I have shown before that the natural rate of unemployment has risen. Here is the graph plotting the unemployment rate against the UT index. The UT index tracks the position of the economy in the business cycle. When UT is close to 0%, the business cycle is at the end of its expansionary phase.
The graph implies that unemployment is decreasing toward a rate of 7.2% when the UT index reaches 0% (y-intercept). If the unemployment rate went to 6.5%, the UT index would have to go to -2.3%... a level it has not gone to since the inflationary period of the 1960's. It is very unlikely the UT index will go to -2.3% now.
In the graph above we can see that the trend of unemployment rose to a new level (yellow line). This occurred between 1stQ-2009 and 4thQ-2010. The following graph looks at that time period of the yellow line using the AS-ED model (aggregate supply-effective demand). (graph is based on quarterly data)
First look at the blue dots below which show real GDP increasing slowly at a low inflation rate. One would look at real GDP increasing and feel comforted that the economy is recovering. One might even see "green shoots" in the increase.
But then we look at the green dots which show a large drop of effective demand over the time period from 30% to 9%. This drop is primarily due to two factors, a decreasing labor share (77.7% to 74.3%) and an increasing capacity utilization (67.3% to 75.6%). Unemployment did not change much during the period (starting at 9.3%, rising to 9.9% and falling to 9.5%). Thus, we can say that capital utilization and capital income were favored in the bulk of the recovery.
It is important now to look at the red dots which show the crossing point of aggregate supply and effective demand. The crossing point establishes the LRAS curve (long-run aggregate supply). We see that the economy fell somewhat vertically down the LRAS curve and then reached a stabilization point from where it began to follow its current path until this day. (see red arrow following effective demand curve.)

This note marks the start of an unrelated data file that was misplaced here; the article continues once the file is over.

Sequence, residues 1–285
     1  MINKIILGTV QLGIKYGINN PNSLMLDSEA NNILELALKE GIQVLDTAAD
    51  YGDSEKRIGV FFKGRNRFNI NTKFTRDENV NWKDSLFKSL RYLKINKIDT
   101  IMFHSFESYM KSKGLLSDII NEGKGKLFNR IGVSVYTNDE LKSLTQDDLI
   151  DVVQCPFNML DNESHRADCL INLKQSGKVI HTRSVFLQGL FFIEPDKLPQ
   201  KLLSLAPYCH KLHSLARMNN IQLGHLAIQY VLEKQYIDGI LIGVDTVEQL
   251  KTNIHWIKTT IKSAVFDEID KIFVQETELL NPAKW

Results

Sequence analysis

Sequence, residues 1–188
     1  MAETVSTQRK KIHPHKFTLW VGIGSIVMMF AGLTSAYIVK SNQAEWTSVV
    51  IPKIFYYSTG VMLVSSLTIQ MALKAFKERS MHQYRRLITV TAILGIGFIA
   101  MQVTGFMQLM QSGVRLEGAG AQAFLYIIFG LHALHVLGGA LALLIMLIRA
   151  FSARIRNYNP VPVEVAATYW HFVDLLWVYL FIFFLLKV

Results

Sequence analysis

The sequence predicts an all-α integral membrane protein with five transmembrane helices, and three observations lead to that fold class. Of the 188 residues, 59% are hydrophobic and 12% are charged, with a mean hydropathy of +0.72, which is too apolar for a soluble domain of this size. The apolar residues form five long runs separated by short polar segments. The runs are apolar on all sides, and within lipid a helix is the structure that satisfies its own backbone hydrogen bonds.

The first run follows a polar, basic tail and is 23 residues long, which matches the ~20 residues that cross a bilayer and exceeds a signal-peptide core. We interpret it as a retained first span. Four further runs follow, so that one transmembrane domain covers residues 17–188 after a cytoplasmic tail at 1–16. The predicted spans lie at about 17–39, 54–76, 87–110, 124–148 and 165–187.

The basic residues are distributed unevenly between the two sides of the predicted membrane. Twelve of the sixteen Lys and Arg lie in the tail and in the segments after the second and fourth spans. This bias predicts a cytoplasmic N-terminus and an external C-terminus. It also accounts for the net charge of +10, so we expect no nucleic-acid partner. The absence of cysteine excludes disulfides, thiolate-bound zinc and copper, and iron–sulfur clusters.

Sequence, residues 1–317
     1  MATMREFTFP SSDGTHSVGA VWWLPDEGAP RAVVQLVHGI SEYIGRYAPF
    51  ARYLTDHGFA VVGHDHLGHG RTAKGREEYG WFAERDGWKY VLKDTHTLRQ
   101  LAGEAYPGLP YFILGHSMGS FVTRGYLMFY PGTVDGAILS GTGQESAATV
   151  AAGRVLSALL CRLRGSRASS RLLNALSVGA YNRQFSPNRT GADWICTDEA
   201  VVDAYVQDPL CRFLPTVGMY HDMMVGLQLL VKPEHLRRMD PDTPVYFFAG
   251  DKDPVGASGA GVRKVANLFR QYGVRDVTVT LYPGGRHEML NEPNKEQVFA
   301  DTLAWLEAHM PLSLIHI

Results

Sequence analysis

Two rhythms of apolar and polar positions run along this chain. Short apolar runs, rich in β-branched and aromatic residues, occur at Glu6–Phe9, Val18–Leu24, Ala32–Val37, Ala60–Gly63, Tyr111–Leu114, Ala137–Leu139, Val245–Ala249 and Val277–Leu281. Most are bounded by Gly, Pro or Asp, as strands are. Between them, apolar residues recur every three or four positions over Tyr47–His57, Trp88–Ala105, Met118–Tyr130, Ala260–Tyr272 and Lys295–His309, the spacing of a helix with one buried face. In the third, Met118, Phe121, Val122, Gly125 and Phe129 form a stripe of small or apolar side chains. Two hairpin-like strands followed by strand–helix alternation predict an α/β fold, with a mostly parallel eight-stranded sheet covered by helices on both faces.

So what happened? ... Unemployment did not participate in the decrease of effective demand. Unemployment got left behind. By the time effective demand leveled out into a normal business cycle, the unemployment rate was still sitting high at over 9%. Once the main drop in effective demand was over, unemployment would then start to decline at normal rates. Economists are still expecting unemployment decline at a faster rate, but that is not going to happen.
Currently the aggregate supply curve is shifting right as real GDP increases. The effective demand curve is not shifting; it is stable. The stability of the effective demand curve means there will not be an accelerated decline in the unemployment rate. Eventually real GDP will reach the crossing point of the aggregate supply curve and the effective demand curve. At this point, unemployment will stop decreasing. Unemployment will be around 7%.
If labor share was to rise, unemployment and capital utilization could increase further. However, it appears now that effective labor share is already on a trajectory to anchor in around 74% according the following graph. (see this link for explanation of graph) The green line shows the effective labor share anchor from 1975 to 2001. The blue line shows the effective labor share anchor has shifted to a new point since 3rdQ-2013... 73.4%.
An effective labor share of 74% makes it certain that unemployment will not go below 7.0% on a quarterly basis before the next recession. The implication is that unemployment has a new higher natural rate.